It works like an insurance policy by charging 96 cents per $100 of your balance each month after enrollment (up to $10,000), whether you decide to use the protection or not.

You’ll have to wait at least 30 days after enrolling, however, to activate your protection – and you’ll still accrue interest on your account (an account that will be frozen while you receive benefits).

Combined with this card’s laundry list of rates and fees, the mounting interest could lead to a more dangerous cycle since your protection and account can be forcibly closed if you’re 60 days past due or 20 percent overlimit.

All things considered, Credit One’s protection plan could end up costing more than other debt management options.

Rates and fees

Although it doesn’t require a big security deposit, the Platinum Visa for Rebuilding Credit is far from a low-cost card.

The biggest potential cost to consider is the annual fee: Depending on your creditworthiness, you could wind up with either no annual fee or an annual fee of up to $75 for the first year, then $99 per year thereafter.

You may be able, howver, to spread your annual fee out over 12 months in equal installments after the first year (which would eat $8.25 out of your credit limit each month if you have the max annual fee). Any authorized users on your account will have to pay an extra $19 yearly fee.

Since the rewards rate is relatively low, these fees could make it hard to pocket any cash back since you’ll need to spend at least $825 per month (or $9,900 per year) just to offset the $99 annual fee.

Other rates and fees buried in the fine print could also end up costing you if you aren’t careful.

For example, the 17.99 percent to 23.99 percent variable APR is higher than the current average credit card interest rate (not horrible for a card designed for people with damaged credit) but the catch is that the Platinum Visa for Rebuilding Credit may not have the 24-day grace period for you to make your minimum payment that you’ll find on most other cards.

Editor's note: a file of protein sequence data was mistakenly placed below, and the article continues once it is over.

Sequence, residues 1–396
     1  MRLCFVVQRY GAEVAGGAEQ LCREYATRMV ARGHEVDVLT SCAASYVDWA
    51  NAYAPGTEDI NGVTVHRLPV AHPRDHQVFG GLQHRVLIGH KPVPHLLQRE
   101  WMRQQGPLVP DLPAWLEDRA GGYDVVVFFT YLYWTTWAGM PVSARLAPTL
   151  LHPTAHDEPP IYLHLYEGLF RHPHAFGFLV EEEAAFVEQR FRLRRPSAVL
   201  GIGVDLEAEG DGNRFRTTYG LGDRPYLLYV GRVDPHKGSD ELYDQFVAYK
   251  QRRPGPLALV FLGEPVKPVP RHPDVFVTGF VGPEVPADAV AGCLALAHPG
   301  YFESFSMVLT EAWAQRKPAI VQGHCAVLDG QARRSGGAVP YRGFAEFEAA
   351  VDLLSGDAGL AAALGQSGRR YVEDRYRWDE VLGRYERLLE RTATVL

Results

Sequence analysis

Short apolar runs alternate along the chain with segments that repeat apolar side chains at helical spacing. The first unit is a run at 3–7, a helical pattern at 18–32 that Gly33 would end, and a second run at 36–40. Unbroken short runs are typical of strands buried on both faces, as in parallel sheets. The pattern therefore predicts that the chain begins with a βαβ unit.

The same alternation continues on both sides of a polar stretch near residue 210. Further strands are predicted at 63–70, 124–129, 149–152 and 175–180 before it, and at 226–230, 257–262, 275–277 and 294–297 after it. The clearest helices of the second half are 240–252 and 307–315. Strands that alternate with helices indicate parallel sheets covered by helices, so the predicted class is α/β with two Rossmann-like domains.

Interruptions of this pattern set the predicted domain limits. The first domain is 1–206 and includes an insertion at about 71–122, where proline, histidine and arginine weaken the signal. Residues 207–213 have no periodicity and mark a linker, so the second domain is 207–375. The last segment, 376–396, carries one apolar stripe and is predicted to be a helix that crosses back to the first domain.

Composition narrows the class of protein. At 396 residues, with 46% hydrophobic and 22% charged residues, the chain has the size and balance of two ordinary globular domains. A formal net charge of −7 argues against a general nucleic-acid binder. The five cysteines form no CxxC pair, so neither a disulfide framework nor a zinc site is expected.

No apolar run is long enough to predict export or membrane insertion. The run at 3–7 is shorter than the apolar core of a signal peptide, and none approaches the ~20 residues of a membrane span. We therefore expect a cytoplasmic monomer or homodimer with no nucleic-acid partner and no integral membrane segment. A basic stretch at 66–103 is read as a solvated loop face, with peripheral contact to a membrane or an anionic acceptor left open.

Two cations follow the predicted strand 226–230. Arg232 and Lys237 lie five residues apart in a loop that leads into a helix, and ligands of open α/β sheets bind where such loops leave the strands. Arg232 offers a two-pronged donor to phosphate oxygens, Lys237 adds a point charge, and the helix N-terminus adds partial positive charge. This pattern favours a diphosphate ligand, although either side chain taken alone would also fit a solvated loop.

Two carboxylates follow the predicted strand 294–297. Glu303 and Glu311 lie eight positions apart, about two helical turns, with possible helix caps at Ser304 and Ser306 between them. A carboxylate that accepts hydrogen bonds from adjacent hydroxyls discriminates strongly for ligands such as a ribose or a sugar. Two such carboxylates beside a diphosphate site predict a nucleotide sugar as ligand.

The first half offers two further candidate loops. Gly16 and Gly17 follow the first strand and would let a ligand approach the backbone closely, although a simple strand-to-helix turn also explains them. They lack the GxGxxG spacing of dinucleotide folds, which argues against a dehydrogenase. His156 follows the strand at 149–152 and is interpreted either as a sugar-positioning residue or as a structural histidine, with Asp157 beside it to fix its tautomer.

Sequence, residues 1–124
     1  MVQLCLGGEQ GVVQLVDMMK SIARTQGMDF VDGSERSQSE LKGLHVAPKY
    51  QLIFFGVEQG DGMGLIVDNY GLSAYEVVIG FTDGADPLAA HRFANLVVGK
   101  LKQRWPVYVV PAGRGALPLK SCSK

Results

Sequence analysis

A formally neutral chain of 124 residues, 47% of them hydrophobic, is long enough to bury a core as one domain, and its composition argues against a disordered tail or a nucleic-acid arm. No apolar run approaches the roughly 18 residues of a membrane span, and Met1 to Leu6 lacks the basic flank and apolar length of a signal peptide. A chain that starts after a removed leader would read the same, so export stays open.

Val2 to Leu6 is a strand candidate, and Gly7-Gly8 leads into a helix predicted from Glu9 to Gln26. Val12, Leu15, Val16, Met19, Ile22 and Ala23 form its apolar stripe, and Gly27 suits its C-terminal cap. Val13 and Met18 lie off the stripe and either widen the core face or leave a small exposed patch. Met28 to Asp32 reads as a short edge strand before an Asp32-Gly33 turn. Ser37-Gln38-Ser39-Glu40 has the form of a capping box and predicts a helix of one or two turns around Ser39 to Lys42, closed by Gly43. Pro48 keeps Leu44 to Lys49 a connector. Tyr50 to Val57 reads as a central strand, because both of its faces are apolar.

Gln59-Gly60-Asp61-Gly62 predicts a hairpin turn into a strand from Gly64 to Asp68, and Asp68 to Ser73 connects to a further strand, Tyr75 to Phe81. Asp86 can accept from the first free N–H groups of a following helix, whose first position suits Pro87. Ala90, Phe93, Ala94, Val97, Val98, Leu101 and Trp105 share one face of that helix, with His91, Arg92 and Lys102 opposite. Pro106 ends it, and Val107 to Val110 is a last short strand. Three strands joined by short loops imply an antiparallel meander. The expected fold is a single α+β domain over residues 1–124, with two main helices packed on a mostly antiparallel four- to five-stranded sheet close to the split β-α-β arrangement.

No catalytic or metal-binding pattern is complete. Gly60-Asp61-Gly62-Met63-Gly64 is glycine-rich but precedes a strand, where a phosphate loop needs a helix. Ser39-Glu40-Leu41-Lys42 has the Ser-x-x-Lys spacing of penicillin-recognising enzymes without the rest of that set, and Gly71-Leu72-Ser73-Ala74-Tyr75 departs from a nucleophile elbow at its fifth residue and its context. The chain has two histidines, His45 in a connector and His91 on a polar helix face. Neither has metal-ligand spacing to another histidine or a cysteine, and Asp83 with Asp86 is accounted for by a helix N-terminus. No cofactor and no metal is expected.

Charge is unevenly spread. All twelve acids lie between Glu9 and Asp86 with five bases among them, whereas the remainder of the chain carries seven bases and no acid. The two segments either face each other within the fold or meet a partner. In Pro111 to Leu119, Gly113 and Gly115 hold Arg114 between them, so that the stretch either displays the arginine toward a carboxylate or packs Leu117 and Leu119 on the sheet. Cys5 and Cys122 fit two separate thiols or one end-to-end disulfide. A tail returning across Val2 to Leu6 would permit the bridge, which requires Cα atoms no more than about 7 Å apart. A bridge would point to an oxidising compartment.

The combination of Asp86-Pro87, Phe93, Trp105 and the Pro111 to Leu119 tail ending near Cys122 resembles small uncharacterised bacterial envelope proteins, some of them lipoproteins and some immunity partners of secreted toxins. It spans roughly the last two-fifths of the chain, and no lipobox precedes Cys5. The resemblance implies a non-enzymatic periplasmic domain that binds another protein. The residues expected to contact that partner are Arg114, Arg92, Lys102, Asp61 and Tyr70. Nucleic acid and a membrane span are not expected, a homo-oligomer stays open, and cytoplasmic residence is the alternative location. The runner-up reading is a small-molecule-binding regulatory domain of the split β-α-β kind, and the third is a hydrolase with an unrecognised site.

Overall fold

It’s also important to note that if you make a card payment on your due date after 5:00 p.m. PT, your payment might not be processed the same day – unless you pay the optional express payment service fee.

If you’re not careful, that means you could accumulate interest on the balance you’ve already submitted a payment for and incur a late payment fee (up to $39).

Here are a few other potential rates and fees to be aware of before you apply:

  • 3 percent (or $1, whichever is greater) foreign transaction fee
  • Credit limit increase fee (based on your payment history and creditworthiness; disclosed in advance if imposed for processing a request)
  • Optional express payment service fee if you get live representative assistance (standard payment is free)
  • Up to $39 returned payment fee
  • 3 percent to 8 percent cash advance fee (or $5 to $10 minimum), disclosed in the final terms you receive

How the Platinum Visa for Rebuilding Credit compares to other cards for bad credit

Despite its higher upfront cost (keep in mind that you’ll get the deposit back later), a secured credit card will likely be a better option for building credit with fewer potential ongoing costs than the Platinum Visa for Rebuilding Credit and other unsecured cards for bad credit.

If you’re a college student looking for your first card, a student credit card would probably be the best choice since they’re typically lower-cost cards with better benefits and rewards.

But there are also plenty of cards for those with no credit history that may be more straightforward and even easier to get than Credit One’s cards.

One of the best all-around picks as you work on beefing up your credit profile is the Discover it® Secured Credit Card.